Hancock and Klein worked for months, carefully reading through Mitchell's lyrics and music, eventually paring their list down to thirteen songs that they hoped comprised a panoramic view of the poet's work.  They then assembled a group of the top musicians in the world, including the incomparable Shorter on soprano and tenor sax, the brilliant bassist and composer Dave Holland, (a musical cohort of Hancock and Shorter's who shared their adventurousness, as well as the Miles Davis imprimatur), drummer Vinnie Colaiuta (a then-recent member of Hancock's band as well as having played extensively with Mitchell and Sting), and Benin-born guitarist Lionel Loueke, also a member of Hancock's band.

They went on to craft arrangements for songs like the often recorded "Both Sides Now," and "Sweet Bird" (from Mitchell's overlooked classic The Hissing of Summer Lawns) that transformed the songs into lyrical and elegant instrumental tone poems, devoid of the trappings of conventional jazz records.  "We wanted to create a new vocabulary, a new way of speaking in a musical sense," Hancock said. Klein added, "We used the words to guide us. All of the music emanated from the poetry."

They were also fortunate to be able to cast the vocal songs with some of the greatest singers in the music world. Mitchell herself sings the autobiographical musing on childhood "The Tea Leaf Prophecy," Tina Turner turns the beautiful prose of "Edith And The Kingpin" into a timeless piece of song-noir, Norah Jones delivers the wistful classic "Court and Spark," Corinne Bailey Rae turns the mournful Christmas classic "River" into an innocent and optimistic poem of bittersweet romance, Brazilian-born Luciana Souza becomes a dark third voice to Hancock and Shorter on "Amelia," and in a stark and cinematic closer, Leonard Cohen recites the brilliant and surreal lyric to "The Jungle Line" as Hancock provides film score-like improvised accompaniment.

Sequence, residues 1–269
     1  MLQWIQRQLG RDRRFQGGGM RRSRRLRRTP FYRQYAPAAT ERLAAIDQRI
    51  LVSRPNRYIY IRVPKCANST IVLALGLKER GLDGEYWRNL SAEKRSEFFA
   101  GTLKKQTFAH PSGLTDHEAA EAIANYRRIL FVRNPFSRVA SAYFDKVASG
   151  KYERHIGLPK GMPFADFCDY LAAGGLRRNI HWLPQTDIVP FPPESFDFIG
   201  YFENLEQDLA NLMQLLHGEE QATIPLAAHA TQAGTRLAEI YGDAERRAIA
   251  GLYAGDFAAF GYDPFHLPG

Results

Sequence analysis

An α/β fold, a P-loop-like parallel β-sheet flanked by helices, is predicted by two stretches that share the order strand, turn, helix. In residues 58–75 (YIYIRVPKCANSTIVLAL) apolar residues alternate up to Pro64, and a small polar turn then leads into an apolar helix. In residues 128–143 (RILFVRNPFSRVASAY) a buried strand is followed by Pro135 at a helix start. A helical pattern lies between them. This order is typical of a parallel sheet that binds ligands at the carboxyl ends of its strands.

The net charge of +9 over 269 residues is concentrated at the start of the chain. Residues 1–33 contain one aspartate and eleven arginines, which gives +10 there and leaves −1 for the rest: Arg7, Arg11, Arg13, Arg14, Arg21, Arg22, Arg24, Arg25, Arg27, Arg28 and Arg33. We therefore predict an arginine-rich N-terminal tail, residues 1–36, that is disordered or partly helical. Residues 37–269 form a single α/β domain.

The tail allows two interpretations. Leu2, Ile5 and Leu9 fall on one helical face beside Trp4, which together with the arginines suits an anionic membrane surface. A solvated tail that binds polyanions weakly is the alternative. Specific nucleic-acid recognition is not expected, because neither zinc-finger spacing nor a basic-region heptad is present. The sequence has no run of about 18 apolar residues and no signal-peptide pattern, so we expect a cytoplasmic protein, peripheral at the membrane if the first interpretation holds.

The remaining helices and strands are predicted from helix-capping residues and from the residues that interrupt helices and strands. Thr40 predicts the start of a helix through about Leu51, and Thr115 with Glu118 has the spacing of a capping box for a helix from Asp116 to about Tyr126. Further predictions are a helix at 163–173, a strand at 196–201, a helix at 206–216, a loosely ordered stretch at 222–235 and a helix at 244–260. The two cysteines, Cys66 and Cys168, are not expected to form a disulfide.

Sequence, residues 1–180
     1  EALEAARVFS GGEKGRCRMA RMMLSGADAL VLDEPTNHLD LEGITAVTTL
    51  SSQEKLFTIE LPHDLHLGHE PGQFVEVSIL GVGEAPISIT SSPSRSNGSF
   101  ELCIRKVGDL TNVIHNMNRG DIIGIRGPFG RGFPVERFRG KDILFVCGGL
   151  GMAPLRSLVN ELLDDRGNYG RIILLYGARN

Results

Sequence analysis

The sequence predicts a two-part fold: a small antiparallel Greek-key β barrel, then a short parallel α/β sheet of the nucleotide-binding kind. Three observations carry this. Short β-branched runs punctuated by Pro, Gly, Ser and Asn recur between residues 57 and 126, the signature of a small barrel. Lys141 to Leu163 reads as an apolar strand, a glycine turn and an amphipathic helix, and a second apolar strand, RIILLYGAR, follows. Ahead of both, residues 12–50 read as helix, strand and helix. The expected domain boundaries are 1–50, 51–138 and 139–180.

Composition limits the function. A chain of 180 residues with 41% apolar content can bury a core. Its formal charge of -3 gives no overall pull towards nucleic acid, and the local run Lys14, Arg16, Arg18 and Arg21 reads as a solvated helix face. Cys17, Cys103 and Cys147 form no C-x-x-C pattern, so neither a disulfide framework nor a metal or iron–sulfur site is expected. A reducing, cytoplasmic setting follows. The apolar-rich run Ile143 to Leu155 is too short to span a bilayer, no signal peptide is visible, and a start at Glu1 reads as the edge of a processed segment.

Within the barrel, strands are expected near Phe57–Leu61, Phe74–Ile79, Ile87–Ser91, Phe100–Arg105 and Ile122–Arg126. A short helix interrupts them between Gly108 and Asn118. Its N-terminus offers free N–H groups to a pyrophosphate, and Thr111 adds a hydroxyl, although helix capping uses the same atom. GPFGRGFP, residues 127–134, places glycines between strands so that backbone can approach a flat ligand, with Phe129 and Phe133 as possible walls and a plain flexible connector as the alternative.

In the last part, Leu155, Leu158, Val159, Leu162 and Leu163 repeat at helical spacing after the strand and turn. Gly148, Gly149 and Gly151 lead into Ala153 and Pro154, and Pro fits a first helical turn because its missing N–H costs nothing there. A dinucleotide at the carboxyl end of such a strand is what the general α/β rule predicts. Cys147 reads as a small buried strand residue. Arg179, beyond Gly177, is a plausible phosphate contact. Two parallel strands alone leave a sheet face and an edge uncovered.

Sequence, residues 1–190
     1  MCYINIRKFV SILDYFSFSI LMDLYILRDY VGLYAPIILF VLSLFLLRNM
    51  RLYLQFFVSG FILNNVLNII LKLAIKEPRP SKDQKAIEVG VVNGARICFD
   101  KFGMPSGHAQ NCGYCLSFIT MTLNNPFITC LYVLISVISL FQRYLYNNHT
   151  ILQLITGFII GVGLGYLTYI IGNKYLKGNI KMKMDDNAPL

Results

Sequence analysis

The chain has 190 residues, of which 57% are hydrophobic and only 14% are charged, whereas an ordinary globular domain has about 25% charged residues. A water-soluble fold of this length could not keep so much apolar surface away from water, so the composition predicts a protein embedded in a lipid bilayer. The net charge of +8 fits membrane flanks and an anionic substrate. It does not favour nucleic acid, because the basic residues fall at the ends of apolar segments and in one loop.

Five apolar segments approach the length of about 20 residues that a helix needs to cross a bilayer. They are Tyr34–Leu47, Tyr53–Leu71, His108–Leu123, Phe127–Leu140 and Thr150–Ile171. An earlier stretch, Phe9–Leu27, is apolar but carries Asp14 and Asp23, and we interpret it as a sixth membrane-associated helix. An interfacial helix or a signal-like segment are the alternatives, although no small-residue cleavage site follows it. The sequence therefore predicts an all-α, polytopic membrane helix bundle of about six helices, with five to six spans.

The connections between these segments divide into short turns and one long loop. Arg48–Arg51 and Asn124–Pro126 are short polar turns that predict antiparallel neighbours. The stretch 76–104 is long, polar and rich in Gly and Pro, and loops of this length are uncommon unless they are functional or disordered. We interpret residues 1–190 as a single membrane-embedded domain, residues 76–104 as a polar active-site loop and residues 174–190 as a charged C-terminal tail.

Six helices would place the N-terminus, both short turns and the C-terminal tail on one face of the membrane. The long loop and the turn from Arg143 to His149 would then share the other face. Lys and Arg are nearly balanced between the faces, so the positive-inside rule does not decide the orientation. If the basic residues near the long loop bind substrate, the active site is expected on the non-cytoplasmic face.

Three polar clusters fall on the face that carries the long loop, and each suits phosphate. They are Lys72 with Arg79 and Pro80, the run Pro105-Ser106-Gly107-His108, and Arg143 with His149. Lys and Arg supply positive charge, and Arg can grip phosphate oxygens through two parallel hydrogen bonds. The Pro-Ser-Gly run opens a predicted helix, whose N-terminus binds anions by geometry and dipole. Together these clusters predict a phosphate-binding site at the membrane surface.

The 10th anniversary edition of River adds four additional songs of Mitchells', previously released as Amazon and iTunes exclusives. The extra tracks span Mitchell's expansive career and include "A Case Of You" and "All I Want" (featuring Sonya Kitchell) from her masterpiece Blue, "Harlem In Havana" from her 1998 album Taming The Tiger and "I Had A King," the opening song on Mitchell's debut record Song To A Seagull. "Harlem In Havana" and "I Had A King" are making their debut in any physical format.

River: The Joni Letters represented a journey into a new world in Hancock's search for fresh ground – a world of words – and now with this new expanded release fans can revisit this stunning album again and dive even deeper into Hancock and Mitchell's timeless creations.

Disc 1
Court and Spark (featuring Norah Jones)
Edith And The Kingpin (featuring Tina Turner)
Both Sides Now
River (featuring Corinne Bailey Rae)
Sweet Bird
Tea Leaf Prophecy (featuring Joni Mitchell)
Amelia (featuring Luciana Souza)
The Jungle Line (featuring Leonard Cohen)

Disc 2
A Case Of You*
All I Want (featuring Sonya Kitchell)*
Harlem In Havana*
I Had A King*

* Bonus Tracks

FORQ - Thrēq (GroundUP Music 2017)